attach to plastic,53,54 but there are only limited data on the extent to
which chemicals dissociate from plastic and migrate into tissues in
different environmental conditions and on how quickly they
accumulate in the food chain.
POSTnote 528 June 2016 Marine Microplastic Pollution Page 4
POST is an office of both Houses of Parliament, charged with providing independent and balanced analysis of policy issues that have a basis in science and technology.
POST is grateful to Ciara Stafford for researching this briefing, to NERC for funding her parliamentary fellowship, and to all contributors and reviewers. For further
information on this subject, please contact the co-author, Dr Jonathan Wentworth. Parliamentary Copyright 2016. Image copyright 5gyres.org
Box 4. Effects of Microplastic Ingestion in Laboratory Studies
The effects of microplastics on wildlife that have been found in
laboratory studies include:
◼ Polystyrene microparticles reduced the number and size of eggs
produced by oysters,55 but a separate study found no effects on
the development or feeding capacity of oyster larvae.56
◼ Blue mussels exposed to high concentrations of high density
polyethylene (HDPE) grains57 and polystyrene microbeads58
absorbed them into tissues through their gills and feeding
apparatus. Plastics inside tissues in the polystryrene study caused
no measurable harm, but the HDPE study found evidence of an
inflammatory response. It is unknown whether these effects were
caused by mechanical abrasion or a toxic effect of the plastic’s
◼ Lugworms (a key food source for fish and wading birds and an
important animal for maintaining the ecology of the seabed)
exposed to PVC had 50% lower energy reserves than worms that
were not exposed to microplastic.59 This was probably as a result
of reduced feeding activity, inflammation and plastic particles being
retained in the gut for long periods of time.
◼ Copepods (a type of zooplankton eaten by several commercially
important fish larvae) exposed to polystyrene microbeads produced
smaller eggs with reduced hatching success.60 They have also
been shown to produce microbead-laden faecal pellets61 that can
transfer up the food chain.62 These have been shown to sink at
different rates to normal pellets, which could affect the rate of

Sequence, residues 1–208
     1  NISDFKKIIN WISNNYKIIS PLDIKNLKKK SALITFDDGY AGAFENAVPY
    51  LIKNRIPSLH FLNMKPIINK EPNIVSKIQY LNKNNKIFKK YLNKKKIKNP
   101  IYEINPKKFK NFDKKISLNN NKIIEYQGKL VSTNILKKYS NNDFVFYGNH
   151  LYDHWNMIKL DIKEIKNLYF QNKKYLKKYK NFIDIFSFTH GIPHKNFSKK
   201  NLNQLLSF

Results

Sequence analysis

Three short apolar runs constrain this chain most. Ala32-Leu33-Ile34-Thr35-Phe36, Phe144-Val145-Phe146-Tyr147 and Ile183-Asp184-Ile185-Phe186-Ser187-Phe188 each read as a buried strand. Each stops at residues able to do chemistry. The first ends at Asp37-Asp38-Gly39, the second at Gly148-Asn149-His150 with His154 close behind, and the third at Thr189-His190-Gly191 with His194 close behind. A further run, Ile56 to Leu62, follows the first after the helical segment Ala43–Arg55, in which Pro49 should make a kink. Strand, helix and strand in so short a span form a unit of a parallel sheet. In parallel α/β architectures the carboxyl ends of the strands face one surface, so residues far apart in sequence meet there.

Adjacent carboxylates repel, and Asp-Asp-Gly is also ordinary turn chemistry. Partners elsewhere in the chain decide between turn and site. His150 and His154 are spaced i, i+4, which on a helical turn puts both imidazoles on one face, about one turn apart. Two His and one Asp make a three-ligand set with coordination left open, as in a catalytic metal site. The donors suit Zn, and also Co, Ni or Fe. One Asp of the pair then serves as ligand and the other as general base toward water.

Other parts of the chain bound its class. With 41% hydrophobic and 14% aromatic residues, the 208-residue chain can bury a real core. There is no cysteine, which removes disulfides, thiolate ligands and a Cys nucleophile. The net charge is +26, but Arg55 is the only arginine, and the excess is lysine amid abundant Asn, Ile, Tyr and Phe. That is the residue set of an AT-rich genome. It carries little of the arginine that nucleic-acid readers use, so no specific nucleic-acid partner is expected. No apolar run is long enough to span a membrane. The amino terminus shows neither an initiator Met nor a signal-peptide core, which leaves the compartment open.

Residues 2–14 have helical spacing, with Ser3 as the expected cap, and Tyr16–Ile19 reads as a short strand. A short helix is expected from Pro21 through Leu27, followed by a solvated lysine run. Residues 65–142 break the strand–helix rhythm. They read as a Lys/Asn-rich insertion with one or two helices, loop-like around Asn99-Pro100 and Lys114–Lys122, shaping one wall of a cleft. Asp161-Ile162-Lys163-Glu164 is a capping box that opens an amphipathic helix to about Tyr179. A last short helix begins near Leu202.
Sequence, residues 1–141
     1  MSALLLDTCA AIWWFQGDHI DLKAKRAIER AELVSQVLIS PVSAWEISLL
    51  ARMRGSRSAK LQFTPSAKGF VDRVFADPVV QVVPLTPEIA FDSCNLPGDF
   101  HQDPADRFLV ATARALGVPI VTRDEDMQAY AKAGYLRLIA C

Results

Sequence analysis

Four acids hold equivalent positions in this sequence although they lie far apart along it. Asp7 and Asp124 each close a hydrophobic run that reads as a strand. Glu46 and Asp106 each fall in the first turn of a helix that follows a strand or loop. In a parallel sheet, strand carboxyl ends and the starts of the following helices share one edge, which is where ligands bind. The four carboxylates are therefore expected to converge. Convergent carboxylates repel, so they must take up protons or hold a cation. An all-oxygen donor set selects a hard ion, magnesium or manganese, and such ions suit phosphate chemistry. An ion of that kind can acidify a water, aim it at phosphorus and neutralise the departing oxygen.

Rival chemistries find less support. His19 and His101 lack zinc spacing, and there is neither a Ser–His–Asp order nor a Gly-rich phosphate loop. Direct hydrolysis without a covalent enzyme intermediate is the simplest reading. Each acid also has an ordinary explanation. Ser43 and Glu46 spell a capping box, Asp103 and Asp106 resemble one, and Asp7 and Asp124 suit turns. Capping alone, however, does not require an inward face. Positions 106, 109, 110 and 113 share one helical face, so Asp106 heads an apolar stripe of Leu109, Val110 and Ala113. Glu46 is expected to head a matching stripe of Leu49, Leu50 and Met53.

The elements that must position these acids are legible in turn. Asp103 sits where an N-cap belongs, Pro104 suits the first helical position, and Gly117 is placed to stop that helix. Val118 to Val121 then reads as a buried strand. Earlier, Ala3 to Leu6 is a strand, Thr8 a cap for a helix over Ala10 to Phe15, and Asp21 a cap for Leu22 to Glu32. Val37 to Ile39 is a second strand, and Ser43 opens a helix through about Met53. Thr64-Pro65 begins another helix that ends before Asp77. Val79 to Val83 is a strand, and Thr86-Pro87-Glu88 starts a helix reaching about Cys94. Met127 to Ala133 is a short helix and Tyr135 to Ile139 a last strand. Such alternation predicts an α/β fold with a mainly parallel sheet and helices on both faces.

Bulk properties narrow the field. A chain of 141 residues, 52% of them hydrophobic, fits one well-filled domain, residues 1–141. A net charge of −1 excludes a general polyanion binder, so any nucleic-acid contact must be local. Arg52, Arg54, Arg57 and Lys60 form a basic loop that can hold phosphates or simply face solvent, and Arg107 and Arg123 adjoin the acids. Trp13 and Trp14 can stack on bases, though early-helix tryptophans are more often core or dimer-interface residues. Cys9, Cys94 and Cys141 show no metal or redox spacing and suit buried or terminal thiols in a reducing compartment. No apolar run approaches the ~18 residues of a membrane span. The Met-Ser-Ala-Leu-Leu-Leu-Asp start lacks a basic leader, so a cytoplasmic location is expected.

carbon accumulation in marine sediments in regions with high
levels of microplastic contamination.62
◼ Exposure to polyethylene pre-production pellets disrupted hormone
production in female Japanese medaka (a type of fish).63
Hormone production was also disrupted in males, but in this case
the effects were considered to be more likely a result of chemicals
that had become associated with the microplastic particles in the
ocean rather than the microplastic itself.
◼ Periwinkles kept in water with microplastics collected near Calais
in France, at concentrations similar to that found on beaches,
altered their behavioural response to cues of the presence of crab
predators, increasing the likelihood of their predation.64
Preventing Microplastic Marine Pollution
There is widespread agreement that the most effective way
to reduce microplastic pollution is to prevent plastic from
entering the marine environment in the first place. This
applies to pieces that are already small enough to be
classed as microplastics, but also to large pieces of debris
that will eventually fragment into microplastics. Solutions
that aim to tackle these larger pieces will have the additional
benefit of reducing the negative social, economic and
ecological impacts associated with large plastic debris, such
as impacts on mental wellbeing, the entanglement of ship
propellers on discarded fishing gear, and the entanglement
of wildlife on items like rope and six-pack rings.
Approaches to preventing plastic pollution include changing
the design of plastic products and packaging, improving
plastic waste facilities and management, and changing
plastic use and littering behaviour through education and
public engagement.17 Preliminary data suggest public
awareness of microplastics is low,17,
which may be a
barrier to changing behaviours. However, there have been
no detailed studies investigating public understanding.
In 2014, the overall recovery rate for plastic waste in the UK